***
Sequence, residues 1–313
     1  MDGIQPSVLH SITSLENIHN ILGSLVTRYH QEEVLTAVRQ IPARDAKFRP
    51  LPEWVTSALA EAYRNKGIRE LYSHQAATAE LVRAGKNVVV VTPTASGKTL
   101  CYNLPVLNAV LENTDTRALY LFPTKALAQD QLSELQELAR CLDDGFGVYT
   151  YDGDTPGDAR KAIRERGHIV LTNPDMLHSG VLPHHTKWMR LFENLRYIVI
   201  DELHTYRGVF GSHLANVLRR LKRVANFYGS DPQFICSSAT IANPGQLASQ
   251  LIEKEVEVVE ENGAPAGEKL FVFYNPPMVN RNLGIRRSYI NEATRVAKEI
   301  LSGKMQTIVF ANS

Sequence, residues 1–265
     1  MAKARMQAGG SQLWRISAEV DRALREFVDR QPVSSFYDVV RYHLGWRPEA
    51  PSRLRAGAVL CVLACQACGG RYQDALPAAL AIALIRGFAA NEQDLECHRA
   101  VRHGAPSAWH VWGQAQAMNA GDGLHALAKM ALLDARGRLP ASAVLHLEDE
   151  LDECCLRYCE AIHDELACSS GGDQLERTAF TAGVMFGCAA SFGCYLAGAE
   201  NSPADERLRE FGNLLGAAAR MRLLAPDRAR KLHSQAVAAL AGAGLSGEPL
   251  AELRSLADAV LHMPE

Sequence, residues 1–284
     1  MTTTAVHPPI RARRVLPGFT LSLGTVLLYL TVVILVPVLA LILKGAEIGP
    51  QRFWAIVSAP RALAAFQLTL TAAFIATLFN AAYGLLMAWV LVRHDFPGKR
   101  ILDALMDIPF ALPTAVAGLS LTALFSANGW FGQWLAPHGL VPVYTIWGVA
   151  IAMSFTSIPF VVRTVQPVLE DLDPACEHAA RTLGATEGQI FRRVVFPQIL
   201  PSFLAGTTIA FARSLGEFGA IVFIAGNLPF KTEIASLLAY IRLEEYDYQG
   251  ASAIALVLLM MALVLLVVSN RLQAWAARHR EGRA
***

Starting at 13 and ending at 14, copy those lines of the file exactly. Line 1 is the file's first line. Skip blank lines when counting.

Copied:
   151  LDECCLRYCE AIHDELACSS GGDQLERTAF TAGVMFGCAA SFGCYLAGAE
   201  NSPADERLRE FGNLLGAAAR MRLLAPDRAR KLHSQAVAAL AGAGLSGEPL